Michael Tracy, an employment lawyer who has written about internship law, succinctly states the issue: “The law is not widely known.” For a long time, this was true of students and parents, university personnel and employers alike — but there was nothing accidental about this blind spot. A quick Internet search reveals the basic criteria that make an internship legal or illegal, information that media outlets and bloggers have now published thousands of times. Still, virtually no one mentions the law in conversation or takes it very seriously. Employers, schools, and professional associations benefit from the current system; parents and students largely accept it and bear the costs.

Interns themselves do communicate, sometimes feverishly and effectively, about which internships are revelatory or useless, fun or mindnumbing — now increasingly through dedicated internship rating websites — but there’s very little discussion of whether many internships are legitimate in the first place. According to Tracy, “The problem is that there are ‘willing victims.’” Yesterday’s interns need their former employers as references or contacts, and today’s interns trade their half-understood rights for a résumé boost. Some parents, raised in an era when work entailed pay, try to impart this old-fashioned idea to their teenagers and 20-somethings, but many also encourage and badger their progeny into getting a leg-up on the competition, no matter what. Indeed, parents are often the ones indulgently but misguidedly underwriting illegal internships, in effect subsidizing the companies that reap free labor.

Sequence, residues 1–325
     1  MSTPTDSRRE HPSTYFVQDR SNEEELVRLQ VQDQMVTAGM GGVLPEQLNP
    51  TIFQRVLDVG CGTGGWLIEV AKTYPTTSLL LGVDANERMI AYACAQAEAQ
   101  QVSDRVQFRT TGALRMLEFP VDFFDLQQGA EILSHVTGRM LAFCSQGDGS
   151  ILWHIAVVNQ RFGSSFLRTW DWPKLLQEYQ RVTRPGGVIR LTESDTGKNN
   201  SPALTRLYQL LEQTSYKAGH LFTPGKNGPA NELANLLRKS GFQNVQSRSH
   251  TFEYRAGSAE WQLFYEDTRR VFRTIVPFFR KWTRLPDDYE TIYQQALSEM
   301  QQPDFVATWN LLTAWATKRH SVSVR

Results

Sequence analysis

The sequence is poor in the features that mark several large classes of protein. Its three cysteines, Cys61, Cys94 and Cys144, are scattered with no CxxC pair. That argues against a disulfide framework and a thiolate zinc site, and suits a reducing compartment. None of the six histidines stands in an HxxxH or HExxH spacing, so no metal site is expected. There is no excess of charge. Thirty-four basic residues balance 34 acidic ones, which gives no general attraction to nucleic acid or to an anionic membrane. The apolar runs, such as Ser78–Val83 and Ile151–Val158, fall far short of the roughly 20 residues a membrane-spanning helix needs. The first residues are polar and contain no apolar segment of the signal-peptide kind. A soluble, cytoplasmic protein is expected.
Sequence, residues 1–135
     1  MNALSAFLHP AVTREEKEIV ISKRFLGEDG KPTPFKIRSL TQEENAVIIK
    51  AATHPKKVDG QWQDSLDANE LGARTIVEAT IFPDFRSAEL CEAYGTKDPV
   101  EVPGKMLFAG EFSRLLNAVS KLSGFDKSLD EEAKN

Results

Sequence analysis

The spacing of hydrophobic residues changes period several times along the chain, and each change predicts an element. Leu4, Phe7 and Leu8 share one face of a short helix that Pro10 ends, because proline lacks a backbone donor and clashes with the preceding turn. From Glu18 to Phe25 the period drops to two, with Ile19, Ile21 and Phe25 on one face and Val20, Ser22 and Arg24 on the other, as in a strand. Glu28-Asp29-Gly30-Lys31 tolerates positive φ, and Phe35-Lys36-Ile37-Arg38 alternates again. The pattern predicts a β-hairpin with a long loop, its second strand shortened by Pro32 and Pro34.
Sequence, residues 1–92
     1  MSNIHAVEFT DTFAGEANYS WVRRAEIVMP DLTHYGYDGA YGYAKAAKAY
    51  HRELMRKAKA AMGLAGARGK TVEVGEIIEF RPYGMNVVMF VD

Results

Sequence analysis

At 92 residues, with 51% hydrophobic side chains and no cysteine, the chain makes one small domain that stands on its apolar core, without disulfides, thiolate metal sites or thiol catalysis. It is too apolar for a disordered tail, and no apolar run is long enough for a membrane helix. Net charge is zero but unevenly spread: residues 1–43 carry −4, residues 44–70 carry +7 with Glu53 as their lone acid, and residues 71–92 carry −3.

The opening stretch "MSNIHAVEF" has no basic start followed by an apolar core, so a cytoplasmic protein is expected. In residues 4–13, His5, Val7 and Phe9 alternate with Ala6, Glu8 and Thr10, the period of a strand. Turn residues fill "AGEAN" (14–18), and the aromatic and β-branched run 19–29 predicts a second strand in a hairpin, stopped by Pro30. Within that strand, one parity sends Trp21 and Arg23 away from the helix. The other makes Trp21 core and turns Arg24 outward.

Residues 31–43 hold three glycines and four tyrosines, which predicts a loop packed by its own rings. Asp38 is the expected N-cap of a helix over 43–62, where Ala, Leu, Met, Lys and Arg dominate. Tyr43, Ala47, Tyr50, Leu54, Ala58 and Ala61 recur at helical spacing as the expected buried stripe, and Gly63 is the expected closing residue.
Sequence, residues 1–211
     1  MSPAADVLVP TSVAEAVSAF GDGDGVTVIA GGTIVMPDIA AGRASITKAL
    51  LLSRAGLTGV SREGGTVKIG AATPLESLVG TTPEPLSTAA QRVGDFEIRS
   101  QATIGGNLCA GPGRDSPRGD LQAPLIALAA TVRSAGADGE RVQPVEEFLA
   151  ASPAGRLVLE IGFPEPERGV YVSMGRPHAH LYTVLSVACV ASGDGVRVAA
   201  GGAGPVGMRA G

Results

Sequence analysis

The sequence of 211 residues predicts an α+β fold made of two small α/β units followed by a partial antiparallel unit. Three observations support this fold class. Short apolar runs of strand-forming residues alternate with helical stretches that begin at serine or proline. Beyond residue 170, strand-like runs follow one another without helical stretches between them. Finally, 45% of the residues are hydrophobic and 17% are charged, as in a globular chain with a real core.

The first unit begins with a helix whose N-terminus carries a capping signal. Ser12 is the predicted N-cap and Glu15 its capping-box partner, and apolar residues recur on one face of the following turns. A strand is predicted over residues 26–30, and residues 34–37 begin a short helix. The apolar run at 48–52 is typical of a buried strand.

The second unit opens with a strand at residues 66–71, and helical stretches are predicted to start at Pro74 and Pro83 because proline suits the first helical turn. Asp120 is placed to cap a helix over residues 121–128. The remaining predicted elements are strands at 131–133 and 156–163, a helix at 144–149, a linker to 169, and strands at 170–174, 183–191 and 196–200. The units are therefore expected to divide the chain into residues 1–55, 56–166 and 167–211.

And it’s not just about minimum wage. A host of other, related rights are at stake with illegal internships, from overtime to sick days to basic workplace rights. With their rights under the FLSA ignored and unenforced, interns face a second, equally cruel injustice: Those working without pay are also left without legal standing and effectively “in legal limbo” — unable to bring lawsuits against employers, internship programs, or colleges. Our youngest workers, least likely to be wise in the ways of the workplace, effectively have no legal voice; they are considered no different from bystanders who just happen to be holding down a cubicle. Those subject to sexual harassment or racial discrimination have no legal recourse. No fair hiring practices pertain. In the world of internships, anything goes — inhumane employment practices, right out of the 19th century, are resurfacing in 21st-century office parks and skyscrapers.